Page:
DIPP amendment makes startups eligible for 80% rebate on patent filing
In its most recent move to nurture growth in the startup environment, India’s Department of Industrial Policy and Promotion (DIPP) has added a new amendment to its Patent Rules 2003 that broadens the criteria to meet the definition of “startup” and facilitates the application process for patents.
Earlier this year, the DIPP expanded the criteria that it uses to classify a company as a “startup,” bringing about increased opportunities for companies that had traditionally fallen outside the scope of government-sponsored startup programs.
According to the previous definition, startups were companies less than five years old with a maximum turnover of Rs 25 crore per year; the new definition grants “startup” status to any entity recognized as a startup under the Startup India initiative. Additionally, the definition now extends to entities with up to seven years of existence as opposed to the previous five-year rule.
The new amendment from September 2 furthers the country’s startup agenda by enabling domestic and foreign startup companies that fit this new definition to receive an 80 percent rebate on patent application fees — the cost of which will be born by the DIPP itself.
Additionally, startup companies will now have the option for expedited patent registration at a highly discounted cost versus their more established counterparts. Under the expedited process, individuals and startups will need to pay Rs 8,000 for patent registration, whereas more established companies will be obligated to pay Rs 60,000.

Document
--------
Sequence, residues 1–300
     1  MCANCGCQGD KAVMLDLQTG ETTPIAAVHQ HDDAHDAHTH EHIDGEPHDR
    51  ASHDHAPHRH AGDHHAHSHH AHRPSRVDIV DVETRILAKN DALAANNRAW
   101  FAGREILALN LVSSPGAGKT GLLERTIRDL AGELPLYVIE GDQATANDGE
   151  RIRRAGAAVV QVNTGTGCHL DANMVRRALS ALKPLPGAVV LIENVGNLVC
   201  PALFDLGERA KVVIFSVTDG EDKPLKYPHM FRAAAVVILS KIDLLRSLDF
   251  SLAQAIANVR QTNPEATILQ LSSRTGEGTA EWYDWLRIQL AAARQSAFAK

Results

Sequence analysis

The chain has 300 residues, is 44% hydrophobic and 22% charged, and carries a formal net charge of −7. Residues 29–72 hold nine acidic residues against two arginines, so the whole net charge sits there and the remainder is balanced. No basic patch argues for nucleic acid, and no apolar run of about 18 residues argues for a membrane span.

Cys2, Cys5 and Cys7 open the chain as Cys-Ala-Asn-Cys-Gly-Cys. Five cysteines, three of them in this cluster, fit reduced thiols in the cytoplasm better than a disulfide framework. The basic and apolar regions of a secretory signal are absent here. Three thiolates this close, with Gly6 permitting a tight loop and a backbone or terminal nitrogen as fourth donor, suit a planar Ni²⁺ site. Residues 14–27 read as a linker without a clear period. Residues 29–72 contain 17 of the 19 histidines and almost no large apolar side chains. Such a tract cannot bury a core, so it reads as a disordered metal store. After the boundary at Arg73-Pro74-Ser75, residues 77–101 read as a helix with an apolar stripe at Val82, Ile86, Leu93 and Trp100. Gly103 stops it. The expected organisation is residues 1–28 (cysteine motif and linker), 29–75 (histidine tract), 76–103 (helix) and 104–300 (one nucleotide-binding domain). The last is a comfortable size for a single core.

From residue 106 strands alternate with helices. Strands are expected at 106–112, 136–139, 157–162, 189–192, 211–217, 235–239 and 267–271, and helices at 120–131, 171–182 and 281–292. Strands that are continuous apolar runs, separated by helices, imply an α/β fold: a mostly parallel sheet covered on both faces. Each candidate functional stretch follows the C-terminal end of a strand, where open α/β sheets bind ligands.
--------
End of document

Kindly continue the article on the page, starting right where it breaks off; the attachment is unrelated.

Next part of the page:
Measures such as these are intended to foster innovation in the country by reducing the period required to be granted a patent. Previously, the patent filing process would normally take around five to seven years; the amendment aims to cut this time period to two-and-a-half years immediately and to one-and-a-half years by March 2018.
Some of the benefits of the DIPP’s liberalizing policy have already been seen, even prior to the September 2 filing. Last month, Optimus Drugs made headlines for having been granted a patent within a record-shattering 113 days — a stark improvement from the five to seven-year average.
Under the new rules and time frames, startups in India will be able to protect their proprietary technologies without worrying that the technology will become obsolete or stolen before protection is granted.
Improved measures such as those being taken by the DIPP are sure to facilitate innovation and growth within India, and will likely attract new investors who previously held concerns about intellectual property security and protection.
As the country continues to liberalize its policies in regard to startups and provide additional safety nets, the country will continue to solidify itself as a tech and startup power to be reckoned with.